- Tesla cofounder Martin Eberhard said he’s “not a big fan” of autonomous cars.
- He said self-driving cars were not part of Tesla’s mission when he cofounded the company in 2003.
- The Tesla cofounder said it’s a “mistake to think of a car as a software platform.”
Elon Musk has made autonomous driving a top priority at Tesla, but one of the carmaker’s original founders doesn’t approve.
“In my opinion, we need to get out of the habit of thinking about all of these autonomous things as being connected to EVs. They’re separate,” Martin Eberhard, a cofounder of Tesla, told Insider. “I’d like to see people thinking about making cars that people can drive.”
Eberhard, who Musk ousted as CEO of Tesla in 2007, said creating software for the electric cars to drive themselves was the least of his concerns when he was at Tesla.
“So, keep in mind that all this FSD is autonomous, autopilot is crap — none of that existed when I was there,” he said. “We were still busy trying to make the car work and we never thought about that at all. That came later. That required a much, much bigger budget than we had.”
When Eberhard left Tesla in 2007, the company had yet to release its first car. The carmaker was working to develop the Tesla Roadster, a tiny sports car based on the Lotus Elise. The Lotus Elise was a two-seater convertible that the British car company Lotus Cars first sold in 1996.
The Tesla cofounder said that while he appreciates “safety-oriented systems” like driver-assist features, he’s “not a big fan” of autonomous driving. He said Musk appeared preoccupied with autonomous cars and identified that as one of his biggest concerns for Tesla under Musk’s leadership.
Musk has been promising for years that Tesla will put fully autonomous cars on the road. Last year, the billionaire said the carmaker’s self-driving software is the difference between Tesla being worth a lot of money and Tesla being worth almost nothing.
Today, Tesla is known for its over-the-air software updates, and Musk has said that the company “is as much a software company as it is a hardware company.” But Eberhard disagreed with that approach.
“I think it’s a mistake to think of a car as a software platform, you know, like an iPhone or something. It’s not the same,” Eberhard said.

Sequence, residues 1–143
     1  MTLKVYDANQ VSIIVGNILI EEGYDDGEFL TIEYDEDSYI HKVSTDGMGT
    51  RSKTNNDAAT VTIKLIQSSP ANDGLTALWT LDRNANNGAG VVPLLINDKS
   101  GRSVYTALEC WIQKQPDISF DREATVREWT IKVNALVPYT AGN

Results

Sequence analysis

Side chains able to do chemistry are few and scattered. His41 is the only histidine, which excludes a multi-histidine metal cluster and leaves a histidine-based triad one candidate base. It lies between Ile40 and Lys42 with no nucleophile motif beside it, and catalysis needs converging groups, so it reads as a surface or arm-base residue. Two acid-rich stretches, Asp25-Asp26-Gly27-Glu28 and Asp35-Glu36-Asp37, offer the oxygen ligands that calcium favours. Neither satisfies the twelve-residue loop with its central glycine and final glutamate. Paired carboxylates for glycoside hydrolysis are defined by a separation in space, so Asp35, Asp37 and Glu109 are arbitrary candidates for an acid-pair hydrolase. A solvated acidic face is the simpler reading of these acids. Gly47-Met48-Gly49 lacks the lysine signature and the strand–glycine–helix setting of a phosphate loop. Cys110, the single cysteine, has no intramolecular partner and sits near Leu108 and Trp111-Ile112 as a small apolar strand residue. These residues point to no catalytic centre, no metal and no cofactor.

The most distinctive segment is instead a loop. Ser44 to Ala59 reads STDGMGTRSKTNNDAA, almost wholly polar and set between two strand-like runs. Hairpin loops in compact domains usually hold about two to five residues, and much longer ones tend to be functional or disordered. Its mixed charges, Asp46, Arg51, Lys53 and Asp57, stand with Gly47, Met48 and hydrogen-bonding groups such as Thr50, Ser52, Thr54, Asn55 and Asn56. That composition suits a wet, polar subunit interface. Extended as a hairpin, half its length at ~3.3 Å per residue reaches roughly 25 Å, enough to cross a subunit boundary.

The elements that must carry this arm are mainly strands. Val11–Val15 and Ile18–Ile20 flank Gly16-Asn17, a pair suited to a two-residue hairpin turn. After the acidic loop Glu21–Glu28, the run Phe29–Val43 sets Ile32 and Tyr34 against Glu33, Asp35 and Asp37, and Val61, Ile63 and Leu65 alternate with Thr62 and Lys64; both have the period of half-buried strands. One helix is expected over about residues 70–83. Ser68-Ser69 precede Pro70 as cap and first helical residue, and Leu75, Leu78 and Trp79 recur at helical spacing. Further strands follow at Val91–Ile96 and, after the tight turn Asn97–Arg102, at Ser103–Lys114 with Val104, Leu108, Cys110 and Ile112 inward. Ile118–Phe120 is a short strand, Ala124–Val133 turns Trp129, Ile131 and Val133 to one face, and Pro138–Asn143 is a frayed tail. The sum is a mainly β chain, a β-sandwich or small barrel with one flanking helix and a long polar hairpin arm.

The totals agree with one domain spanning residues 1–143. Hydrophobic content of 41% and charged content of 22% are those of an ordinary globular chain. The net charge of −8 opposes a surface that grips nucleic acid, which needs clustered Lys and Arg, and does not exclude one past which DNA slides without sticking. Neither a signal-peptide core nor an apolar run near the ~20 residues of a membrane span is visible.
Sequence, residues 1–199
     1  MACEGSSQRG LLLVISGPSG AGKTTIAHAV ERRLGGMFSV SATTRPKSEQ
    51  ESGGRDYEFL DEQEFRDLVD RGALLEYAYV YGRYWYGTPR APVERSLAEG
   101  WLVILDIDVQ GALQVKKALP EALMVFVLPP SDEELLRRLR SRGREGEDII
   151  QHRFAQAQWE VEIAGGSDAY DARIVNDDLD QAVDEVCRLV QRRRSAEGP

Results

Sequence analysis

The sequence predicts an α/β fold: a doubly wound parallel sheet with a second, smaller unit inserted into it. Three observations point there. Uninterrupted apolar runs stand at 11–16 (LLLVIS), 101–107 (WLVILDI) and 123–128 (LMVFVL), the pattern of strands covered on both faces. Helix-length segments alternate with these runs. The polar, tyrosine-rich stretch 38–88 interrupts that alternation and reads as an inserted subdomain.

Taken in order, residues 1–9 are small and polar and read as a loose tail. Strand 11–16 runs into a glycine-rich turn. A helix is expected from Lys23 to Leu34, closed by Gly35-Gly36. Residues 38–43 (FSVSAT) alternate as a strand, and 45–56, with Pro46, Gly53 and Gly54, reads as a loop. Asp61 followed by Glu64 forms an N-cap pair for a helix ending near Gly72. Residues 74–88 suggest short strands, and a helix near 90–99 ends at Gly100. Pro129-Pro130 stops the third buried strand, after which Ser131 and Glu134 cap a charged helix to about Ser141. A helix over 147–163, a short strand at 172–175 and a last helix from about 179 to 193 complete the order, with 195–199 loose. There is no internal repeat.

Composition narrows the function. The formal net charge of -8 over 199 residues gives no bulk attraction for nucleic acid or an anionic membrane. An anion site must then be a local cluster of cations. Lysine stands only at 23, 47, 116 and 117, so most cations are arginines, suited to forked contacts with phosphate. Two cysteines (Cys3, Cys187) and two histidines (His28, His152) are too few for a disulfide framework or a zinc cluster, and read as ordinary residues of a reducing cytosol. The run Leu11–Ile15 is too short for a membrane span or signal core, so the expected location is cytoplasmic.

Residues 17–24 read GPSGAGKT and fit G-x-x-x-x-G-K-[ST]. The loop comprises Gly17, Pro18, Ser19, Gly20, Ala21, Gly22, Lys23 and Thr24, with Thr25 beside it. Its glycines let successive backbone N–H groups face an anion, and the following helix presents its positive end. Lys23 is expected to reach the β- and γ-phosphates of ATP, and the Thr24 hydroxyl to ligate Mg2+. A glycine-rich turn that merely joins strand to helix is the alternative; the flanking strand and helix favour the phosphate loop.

“I have an iPhone and every time I get a software update, there’s bugs in there,” he added. “These mean bugs, for example, that occasionally my news-feed app crashes. That’s not a big deal because it’s just an annoyance on iPhone. But that kind of a bug shows up in the software that controls, for example, my brakes or the steering, it can kill you.”
All current Tesla models come with the carmaker’s Autopilot driver-assist program. Tesla owners can also buy the company’s Full Self-Driving beta feature for $15,000 or through a $199 monthly subscription. The beta feature enables the vehicle to automatically change lanes, enter and exit highways, recognize stop signs and traffic lights, and park. Both programs still require a licensed driver to monitor the system at all times, and Tesla’s AI system collects driver data to improve the system as drivers use it. As of December, over 285,000 people had bought the feature.
Over the past few years, Tesla has come under increased scrutiny from regulators over the self-driving software and the company’s marketing of the services. The National Highway Traffic Safety Administration is investigating Autopilot and its potential connection to several accidents.
Eberhard and Musk have disagreed in the past. Eberhard filed a defamation lawsuit against Musk in 2009, after Musk started calling himself a Tesla founder and made negative comments about Eberhard. The lawsuit was settled the same year. Since then, the billionaire has criticized Eberhard online.
Musk didn’t respond to multiple requests for comment. Insider’s emails to Tesla’s press line seeking comment weren’t returned.
Read the full Insider interview with Martin Eberhard.
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